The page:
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Savaglee springs Slipper surprise

By Richard Edmunds, LOVERACING.NZ News Desk

A fruitless summer saw Savaglee slip under the radar in this season’s two-year-old crop, but that all changed with a brilliant upset victory in Saturday’s Gr.3 Fairview Matamata Slipper (1200m) on his home track.

The blue-blooded colt is by Savabeel out of Glee, who is a full-sister to the dam of Orchestral and a three-quarter-sister to the dam of Daffodil. Savaglee was bought by The Oaks Stud for $400,000 at Karaka last year, and he looked worth every cent of that purchase price with a scintillating four-length romp on debut at Trentham in October.

But Savaglee went winless in all of his next three starts. He was slowly away in the Listed Counties Challenge Stakes (1100m), then worked too hard to circle the field and force a fast pace. Those efforts took their toll and he faded into fifth.

He did things wrong and again did plenty of work in front when third at Pukekohe on Boxing Day, then ran a creditable fifth without all favours in the running in last month’s Karaka Millions 2YO (1200m).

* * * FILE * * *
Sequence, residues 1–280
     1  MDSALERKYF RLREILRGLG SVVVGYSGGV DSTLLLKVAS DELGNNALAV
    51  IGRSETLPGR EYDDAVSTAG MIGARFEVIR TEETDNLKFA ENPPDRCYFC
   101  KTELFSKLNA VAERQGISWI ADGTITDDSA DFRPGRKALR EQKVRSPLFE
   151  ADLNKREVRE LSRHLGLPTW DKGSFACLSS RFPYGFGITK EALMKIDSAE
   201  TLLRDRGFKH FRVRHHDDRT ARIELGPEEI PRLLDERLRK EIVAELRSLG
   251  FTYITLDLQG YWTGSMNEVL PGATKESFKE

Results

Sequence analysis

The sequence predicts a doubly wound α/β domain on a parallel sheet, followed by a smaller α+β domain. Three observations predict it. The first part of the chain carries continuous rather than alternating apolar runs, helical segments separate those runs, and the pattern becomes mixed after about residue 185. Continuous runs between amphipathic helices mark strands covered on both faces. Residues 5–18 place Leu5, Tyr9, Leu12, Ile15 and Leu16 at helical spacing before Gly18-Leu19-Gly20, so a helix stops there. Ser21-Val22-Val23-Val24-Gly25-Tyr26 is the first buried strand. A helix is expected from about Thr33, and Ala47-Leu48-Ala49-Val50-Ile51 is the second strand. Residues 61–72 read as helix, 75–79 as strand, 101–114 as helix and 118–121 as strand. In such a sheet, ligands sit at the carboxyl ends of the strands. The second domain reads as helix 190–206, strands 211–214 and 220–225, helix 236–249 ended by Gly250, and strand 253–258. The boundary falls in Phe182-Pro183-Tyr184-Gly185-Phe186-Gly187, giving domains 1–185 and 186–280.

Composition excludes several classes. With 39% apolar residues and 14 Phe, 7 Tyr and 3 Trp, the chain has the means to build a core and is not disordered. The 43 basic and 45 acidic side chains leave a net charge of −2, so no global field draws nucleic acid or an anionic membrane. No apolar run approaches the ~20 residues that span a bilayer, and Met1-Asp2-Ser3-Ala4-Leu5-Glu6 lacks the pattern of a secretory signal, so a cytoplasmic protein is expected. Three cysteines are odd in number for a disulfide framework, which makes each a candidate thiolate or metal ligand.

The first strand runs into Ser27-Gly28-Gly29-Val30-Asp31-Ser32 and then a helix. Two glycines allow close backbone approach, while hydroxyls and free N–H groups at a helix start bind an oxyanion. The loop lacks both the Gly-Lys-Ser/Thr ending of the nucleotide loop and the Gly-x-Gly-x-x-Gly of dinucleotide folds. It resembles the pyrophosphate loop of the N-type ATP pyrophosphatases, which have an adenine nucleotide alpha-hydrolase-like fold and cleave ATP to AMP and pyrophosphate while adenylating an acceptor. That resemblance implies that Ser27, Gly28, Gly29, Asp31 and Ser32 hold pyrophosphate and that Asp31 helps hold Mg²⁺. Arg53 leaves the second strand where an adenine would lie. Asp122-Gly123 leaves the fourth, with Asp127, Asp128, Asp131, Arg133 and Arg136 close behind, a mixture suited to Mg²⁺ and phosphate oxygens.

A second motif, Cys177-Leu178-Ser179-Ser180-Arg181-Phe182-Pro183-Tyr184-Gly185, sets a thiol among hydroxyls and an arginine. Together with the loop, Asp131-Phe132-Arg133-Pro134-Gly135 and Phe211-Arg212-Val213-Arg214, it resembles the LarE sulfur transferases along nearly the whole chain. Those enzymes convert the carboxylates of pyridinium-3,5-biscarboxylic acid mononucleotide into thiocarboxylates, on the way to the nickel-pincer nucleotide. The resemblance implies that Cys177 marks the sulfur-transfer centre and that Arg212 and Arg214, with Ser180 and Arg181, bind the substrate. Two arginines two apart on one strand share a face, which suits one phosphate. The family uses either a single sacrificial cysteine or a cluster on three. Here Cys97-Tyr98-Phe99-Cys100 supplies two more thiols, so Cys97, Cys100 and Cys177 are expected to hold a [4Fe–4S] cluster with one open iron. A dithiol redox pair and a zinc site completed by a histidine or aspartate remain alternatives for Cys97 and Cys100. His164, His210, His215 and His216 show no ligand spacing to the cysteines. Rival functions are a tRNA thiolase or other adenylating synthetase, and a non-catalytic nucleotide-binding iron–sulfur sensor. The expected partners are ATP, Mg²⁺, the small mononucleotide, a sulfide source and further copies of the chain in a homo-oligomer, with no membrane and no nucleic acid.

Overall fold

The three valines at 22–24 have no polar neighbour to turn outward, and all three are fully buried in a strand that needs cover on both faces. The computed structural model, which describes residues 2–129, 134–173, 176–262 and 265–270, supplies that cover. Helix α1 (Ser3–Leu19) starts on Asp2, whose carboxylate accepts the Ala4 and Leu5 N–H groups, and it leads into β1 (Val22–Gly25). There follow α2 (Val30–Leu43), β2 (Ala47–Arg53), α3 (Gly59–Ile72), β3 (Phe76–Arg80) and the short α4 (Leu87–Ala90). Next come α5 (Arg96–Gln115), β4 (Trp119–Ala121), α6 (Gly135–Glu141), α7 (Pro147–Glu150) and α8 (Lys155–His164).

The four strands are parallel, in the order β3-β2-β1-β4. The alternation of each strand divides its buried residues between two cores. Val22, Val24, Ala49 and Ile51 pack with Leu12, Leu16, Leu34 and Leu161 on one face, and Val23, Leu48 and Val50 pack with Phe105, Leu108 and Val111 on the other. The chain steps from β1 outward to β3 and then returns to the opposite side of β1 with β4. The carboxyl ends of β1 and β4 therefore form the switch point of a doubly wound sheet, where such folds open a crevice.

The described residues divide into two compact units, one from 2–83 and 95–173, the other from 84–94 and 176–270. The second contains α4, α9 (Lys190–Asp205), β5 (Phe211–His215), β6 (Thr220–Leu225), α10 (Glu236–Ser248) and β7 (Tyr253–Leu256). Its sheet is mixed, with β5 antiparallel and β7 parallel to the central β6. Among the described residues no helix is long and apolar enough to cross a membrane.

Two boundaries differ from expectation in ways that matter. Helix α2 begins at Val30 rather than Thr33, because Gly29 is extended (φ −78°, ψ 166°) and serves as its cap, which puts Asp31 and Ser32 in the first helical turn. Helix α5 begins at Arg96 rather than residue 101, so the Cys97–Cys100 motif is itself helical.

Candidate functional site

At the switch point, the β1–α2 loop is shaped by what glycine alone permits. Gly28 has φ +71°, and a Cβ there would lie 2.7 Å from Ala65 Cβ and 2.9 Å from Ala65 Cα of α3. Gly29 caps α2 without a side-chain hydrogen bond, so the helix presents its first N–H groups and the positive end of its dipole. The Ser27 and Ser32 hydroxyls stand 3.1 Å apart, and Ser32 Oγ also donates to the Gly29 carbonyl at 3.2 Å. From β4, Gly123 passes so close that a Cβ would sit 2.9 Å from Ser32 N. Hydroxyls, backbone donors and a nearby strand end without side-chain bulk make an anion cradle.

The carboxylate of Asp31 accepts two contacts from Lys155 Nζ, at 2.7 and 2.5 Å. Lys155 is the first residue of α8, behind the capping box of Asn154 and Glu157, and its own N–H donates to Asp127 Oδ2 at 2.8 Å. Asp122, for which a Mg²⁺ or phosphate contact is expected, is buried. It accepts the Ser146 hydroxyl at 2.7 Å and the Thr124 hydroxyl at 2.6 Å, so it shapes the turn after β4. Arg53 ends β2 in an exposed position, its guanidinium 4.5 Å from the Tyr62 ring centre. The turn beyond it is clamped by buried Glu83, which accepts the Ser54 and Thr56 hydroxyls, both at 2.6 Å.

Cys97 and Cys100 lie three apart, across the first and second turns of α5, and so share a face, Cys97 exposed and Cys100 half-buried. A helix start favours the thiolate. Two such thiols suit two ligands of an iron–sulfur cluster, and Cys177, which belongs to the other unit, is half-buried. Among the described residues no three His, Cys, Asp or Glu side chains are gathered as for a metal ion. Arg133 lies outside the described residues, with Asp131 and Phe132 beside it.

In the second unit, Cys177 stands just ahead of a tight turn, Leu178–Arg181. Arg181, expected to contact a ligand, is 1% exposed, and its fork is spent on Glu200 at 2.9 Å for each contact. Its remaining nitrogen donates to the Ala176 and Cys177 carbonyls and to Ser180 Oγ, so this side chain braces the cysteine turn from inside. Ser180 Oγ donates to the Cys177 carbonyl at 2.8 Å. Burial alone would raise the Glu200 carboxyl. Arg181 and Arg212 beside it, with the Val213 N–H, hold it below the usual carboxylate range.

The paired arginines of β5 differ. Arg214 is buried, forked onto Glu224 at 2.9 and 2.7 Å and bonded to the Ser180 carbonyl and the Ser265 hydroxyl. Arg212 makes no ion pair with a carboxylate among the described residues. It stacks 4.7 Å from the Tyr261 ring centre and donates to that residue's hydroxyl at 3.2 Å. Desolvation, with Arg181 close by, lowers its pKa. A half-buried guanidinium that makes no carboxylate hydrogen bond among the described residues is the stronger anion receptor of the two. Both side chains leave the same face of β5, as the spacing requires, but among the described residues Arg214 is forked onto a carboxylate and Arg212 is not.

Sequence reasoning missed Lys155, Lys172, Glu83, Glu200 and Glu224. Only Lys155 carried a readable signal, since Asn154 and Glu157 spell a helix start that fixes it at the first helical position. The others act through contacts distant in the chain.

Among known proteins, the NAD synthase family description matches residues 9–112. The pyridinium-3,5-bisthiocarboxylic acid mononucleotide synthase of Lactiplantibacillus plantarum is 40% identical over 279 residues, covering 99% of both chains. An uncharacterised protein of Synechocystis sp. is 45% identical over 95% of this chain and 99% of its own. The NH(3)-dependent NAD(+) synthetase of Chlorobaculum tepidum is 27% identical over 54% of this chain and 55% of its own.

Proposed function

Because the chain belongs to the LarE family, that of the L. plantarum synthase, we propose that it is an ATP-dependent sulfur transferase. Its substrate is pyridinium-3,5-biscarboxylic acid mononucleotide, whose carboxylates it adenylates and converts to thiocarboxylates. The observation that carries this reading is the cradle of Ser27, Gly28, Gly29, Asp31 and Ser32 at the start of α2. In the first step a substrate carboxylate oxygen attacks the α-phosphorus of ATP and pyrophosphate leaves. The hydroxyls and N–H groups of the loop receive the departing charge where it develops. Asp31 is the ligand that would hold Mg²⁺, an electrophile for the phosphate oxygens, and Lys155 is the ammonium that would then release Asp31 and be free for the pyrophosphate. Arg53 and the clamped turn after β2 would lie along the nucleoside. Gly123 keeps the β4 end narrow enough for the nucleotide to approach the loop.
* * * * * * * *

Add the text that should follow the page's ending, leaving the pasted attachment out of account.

Savaglee went out as the $16 outsider in Saturday’s six-horse Slipper field. The market was dominated by fellow local Move To Strike, who was the $1.55 favourite to deliver an extraordinary tenth Matamata Slipper win for Te Akau Racing. But in the end it was all about Savaglee.

Ridden by Sam Spratt for trainers Mike Moroney and Pam Gerard, Savaglee settled in fourth along the rail as the race broke up into three sets of pairs. Red Sea and Poetic Champion were side by side in the lead, followed by Move To Strike and Savaglee, with another couple of lengths back to Unbridled Joy and Full Force at the tail.

Poetic Champion shook free of Red Sea at the home turn, with Move To Strike beginning to warm up down the outside and posing a threat. Poetic Champion was showing no sign of slowing down, however, and by halfway down the straight he had kicked away and looked the winner.